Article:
Veterans groups say Ottawa spending too much remembering old wars
Money would be better used helping current veterans cope with PTSD and other problems
A growing number of Canadian veterans' groups are upset that the federal government is spending millions commemorating old wars while current veterans are suffering from post-traumatic stress and other issues that they say are not being dealt with.
"I think it’s obscene," said Michael Blais, the president of Canadian Veterans Advocacy after attending a small, private ceremony in Ottawa to remember soldiers who took their own lives. There has been a recent spate of soldier suicides.
The CVA, along with other veterans' groups, believe that commemoration is important, but that it is not what matters most right now.
They want the many ceremonies that Ottawa sponsors downsized so the federal government can provide more money for veterans who are currently suffering from the ravages of war.
"The bottom line, the government’s failing their obligation to those who are living as a consequence of the money they're spending on the dead," says Blais.
2014 marks the centennial of the start of the First World War and the 75th anniversary of the start of the Second World War.
The government has plans for military commemorations leading all the way to the anniversary of the end of the Second World War in 2020, a series of events that follows on the heels of its high-profile campaign to commemorate the War of 1812.
Millions add up
The spending does add up. From 2010 to 2015, Canadian Heritage has either spent or budgeted almost $40 million on programs relating to the World Wars and the War of 1812, according to information obtained by the opposition Liberals through an access to information request.
What we have now is a government that’s just looking for photo ops and headlines.-Michael Blais, president of Canadian Veterans Advocacy
National Defence has set aside at least $27.5 million for war commemoration from now until 2020.
"What we have now is a government that’s just looking for photo ops and headlines, and commemoration is one great headline," said Blais.
The former soldier said the money saved from scaled-back commemorations could be redirected to help current veterans suffering from post-traumatic stress disorder (PTSD) and other injuries, and provide them with more financial assistance.
Some high-profile watchdogs are also concerned about veterans' care. On Wednesday, Veterans ombudsman Guy Parent and Canadian Forces ombudsman Gary Walbourne pledged to work together to look into how veterans are treated in their transition back into civilian life.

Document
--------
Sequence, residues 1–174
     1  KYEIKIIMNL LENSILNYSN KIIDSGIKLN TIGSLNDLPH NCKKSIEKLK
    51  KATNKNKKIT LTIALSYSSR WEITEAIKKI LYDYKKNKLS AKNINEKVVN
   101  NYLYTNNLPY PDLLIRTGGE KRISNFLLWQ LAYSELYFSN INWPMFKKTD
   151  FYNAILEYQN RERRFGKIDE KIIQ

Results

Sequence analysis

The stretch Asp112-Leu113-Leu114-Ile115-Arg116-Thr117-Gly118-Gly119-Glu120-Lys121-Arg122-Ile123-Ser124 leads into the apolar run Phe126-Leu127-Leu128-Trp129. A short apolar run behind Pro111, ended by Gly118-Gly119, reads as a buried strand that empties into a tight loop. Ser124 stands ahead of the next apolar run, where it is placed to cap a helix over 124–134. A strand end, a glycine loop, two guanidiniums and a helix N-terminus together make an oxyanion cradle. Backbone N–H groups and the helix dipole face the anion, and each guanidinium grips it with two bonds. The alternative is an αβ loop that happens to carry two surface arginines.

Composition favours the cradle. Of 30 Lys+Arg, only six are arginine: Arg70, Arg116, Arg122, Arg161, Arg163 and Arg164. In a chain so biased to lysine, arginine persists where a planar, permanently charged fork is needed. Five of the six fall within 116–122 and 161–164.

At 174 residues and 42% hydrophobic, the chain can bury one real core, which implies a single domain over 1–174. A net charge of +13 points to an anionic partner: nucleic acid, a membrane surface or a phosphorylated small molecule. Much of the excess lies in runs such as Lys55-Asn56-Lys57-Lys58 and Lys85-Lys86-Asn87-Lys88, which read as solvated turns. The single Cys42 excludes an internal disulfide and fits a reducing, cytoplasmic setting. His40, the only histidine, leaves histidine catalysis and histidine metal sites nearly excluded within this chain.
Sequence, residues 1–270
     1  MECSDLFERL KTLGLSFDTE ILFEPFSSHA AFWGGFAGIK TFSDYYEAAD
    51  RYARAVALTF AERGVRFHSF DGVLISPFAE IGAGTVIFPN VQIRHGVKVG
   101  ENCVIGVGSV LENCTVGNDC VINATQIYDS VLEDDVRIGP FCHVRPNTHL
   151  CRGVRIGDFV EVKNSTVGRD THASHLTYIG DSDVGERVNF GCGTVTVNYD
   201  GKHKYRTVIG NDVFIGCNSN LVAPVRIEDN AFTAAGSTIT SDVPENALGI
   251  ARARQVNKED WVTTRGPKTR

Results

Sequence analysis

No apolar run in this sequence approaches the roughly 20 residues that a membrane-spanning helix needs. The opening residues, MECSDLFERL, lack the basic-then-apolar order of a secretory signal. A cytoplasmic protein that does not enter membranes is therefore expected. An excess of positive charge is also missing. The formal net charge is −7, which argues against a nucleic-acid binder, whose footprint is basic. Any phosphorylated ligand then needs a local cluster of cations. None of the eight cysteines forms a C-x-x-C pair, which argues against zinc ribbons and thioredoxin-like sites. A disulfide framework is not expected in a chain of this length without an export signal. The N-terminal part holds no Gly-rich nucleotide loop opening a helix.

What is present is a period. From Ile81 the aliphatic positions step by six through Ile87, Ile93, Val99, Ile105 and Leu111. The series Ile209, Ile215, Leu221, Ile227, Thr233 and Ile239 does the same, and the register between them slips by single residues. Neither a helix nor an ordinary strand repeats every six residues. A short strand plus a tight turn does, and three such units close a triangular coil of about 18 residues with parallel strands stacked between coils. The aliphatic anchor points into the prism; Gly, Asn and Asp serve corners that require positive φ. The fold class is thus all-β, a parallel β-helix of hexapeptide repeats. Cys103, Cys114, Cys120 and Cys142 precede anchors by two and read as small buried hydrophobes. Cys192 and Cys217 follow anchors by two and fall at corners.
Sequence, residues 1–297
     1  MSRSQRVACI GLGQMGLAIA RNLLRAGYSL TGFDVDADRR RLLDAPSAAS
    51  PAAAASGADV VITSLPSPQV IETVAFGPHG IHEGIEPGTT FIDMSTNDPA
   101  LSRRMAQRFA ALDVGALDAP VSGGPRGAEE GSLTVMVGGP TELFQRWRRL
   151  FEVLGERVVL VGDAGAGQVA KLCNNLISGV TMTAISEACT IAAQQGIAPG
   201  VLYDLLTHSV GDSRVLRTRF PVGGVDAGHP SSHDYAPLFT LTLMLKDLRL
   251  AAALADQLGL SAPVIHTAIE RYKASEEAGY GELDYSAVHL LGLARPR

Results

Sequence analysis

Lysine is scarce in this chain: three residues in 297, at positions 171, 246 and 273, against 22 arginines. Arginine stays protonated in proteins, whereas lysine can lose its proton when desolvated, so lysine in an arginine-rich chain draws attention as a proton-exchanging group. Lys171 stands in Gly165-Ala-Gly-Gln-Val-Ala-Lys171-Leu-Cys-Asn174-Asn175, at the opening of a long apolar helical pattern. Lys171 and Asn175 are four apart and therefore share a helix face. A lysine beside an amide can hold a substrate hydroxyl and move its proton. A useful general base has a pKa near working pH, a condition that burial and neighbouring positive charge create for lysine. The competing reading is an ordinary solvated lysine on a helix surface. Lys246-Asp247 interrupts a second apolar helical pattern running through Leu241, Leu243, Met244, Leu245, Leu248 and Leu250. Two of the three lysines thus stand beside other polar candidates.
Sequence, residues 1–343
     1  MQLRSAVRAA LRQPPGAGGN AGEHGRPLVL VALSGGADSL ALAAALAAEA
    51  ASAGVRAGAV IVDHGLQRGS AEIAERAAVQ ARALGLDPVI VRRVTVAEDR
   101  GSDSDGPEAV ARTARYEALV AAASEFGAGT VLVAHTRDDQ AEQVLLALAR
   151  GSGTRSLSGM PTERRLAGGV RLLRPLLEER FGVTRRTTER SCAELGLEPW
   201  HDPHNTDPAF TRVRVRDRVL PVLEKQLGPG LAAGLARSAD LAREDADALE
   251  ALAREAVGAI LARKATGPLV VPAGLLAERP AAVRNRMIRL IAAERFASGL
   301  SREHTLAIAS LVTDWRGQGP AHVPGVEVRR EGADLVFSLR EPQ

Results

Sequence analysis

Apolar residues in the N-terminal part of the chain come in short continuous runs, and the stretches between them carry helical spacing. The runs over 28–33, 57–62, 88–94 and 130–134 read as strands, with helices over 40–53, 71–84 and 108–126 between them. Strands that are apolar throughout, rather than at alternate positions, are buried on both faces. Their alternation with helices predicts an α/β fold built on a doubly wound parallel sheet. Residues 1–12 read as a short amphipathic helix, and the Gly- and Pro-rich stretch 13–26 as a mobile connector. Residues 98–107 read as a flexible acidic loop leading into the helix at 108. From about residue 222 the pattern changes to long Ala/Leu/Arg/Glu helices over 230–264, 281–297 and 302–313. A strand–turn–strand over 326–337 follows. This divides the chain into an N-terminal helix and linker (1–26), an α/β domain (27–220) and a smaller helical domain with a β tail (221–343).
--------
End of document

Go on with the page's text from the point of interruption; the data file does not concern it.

Many soldiers, wounded in Afghanistan and too ill to continue serving, have found upon release that the veterans bureaucracy requires them to validate their condition by visiting different doctors.
In some instances, they have been denied benefits for injuries that cost them their careers.
"Our government believes it is our responsibility to honour and remember the bravery and sacrifice of those who have served our country," said Ashlee Smith, spokesperson for Veterans Affairs.
But she pointed out less than 1.5 per cent of the Veterans Affairs budget is spent on commemoration, and says that serving the needs of veterans is the department's top priority.
Last year, after an assessment of government services, the veterans ombudsman concluded that ex-soldiers, the most severely disabled in particular, are receiving inadequate compensation for their pain and suffering under the controversial new funding plan that was initiated in 2006.
When you cut money towards the veterans then your priorities are skewed- Veteran Bruce Moncur
Today, more and more of these veterans are willing to tell their own stories.
Bruce Moncur feels he’s still at war but, this time, it’s with Veterans Affairs.
In 2006, while serving in Afghanistan, he was hit in the head with shrapnel in a friendly fire incident, and he lost five per cent of his brain.
The 30 year old still suffers from fatigue, short-term memory loss and PTSD. "Fifty per cent of my PTSD comes from my time in Afghanistan, and fifty per cent of my PTSD comes from the treatment I've received [from Veteran Affairs] since I've come home," he said.
After almost 10 years in the military, Moncur can no longer serve because of his injuries. He said Veterans Affairs gave him a lump sum pension of $22,000, which he calls "a pittance." He’s been fighting his claim now for eight years.
Veterans Affairs reviewed Moncur's claim a year ago and didn't change its initial assessment. He says the department has now agreed to conduct a full internal review of his situation, but Veterans Affairs won't comment upon that aspect of his case.
Cutbacks close offices
Moncur also has to grapple with the fact that earlier this year, Veterans Affairs closed eight district offices including his location in Windsor.
He now has to travel for an hour and a half each way to London to meet with his caseworker. "When you cut money towards the veterans then your priorities are skewed," says Moncur.
"They’re spending hundreds of millions of dollars on remembrance," he says. "While it is admirable, lists of priorities need to be made and maybe the commemorations need to be a little bit lower on the to-do list in this country."
He said he knows many veterans who are also suffering, and suggested the government could lump commemorative events together. The money saved, he said, "could be used in better spots such as keeping Veterans Affairs offices open across the country."
"It’s hard to explain to a veteran when he’s losing his local office and they’re spending millions of dollars on something else," said Tom Eagles.
The national president of The Royal Canadian Legion also believes the government needs to scale back commemoration events.
"We’re all in favour of what they’re doing in regard to honouring our men and women, but I think there has to be a happy balance somewhere."